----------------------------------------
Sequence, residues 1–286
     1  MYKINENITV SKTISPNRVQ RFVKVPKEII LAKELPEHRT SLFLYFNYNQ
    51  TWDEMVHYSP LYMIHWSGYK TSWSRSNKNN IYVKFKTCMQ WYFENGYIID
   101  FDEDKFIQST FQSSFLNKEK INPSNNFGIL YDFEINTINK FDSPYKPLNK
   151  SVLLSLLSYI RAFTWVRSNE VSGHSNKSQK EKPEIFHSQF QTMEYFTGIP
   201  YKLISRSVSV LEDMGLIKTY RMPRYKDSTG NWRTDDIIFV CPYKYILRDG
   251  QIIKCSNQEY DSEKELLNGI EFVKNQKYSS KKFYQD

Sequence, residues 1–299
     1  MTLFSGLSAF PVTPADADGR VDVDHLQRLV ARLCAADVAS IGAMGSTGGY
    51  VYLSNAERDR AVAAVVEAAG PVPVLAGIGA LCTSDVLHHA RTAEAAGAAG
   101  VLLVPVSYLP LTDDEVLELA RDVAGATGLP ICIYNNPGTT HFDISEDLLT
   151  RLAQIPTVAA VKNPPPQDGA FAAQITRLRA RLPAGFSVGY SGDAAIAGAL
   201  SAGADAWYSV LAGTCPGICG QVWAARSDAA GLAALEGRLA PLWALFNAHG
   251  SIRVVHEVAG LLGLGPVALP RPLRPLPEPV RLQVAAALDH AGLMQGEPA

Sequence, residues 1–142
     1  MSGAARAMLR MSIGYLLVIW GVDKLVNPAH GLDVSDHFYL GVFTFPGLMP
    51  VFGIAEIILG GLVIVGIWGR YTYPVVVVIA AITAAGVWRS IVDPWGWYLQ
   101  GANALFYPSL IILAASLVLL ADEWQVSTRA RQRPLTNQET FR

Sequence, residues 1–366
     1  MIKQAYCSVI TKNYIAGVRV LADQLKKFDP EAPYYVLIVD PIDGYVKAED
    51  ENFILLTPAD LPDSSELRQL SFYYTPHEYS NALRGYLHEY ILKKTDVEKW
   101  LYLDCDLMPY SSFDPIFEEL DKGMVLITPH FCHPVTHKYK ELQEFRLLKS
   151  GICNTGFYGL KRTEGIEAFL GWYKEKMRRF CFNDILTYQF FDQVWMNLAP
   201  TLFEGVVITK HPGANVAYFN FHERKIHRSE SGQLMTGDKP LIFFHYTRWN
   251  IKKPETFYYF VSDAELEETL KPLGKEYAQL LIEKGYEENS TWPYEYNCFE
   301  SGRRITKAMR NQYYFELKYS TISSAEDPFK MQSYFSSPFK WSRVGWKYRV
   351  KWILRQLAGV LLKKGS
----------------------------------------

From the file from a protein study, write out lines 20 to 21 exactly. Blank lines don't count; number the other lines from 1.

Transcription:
     1  MIKQAYCSVI TKNYIAGVRV LADQLKKFDP EAPYYVLIVD PIDGYVKAED
    51  ENFILLTPAD LPDSSELRQL SFYYTPHEYS NALRGYLHEY ILKKTDVEKW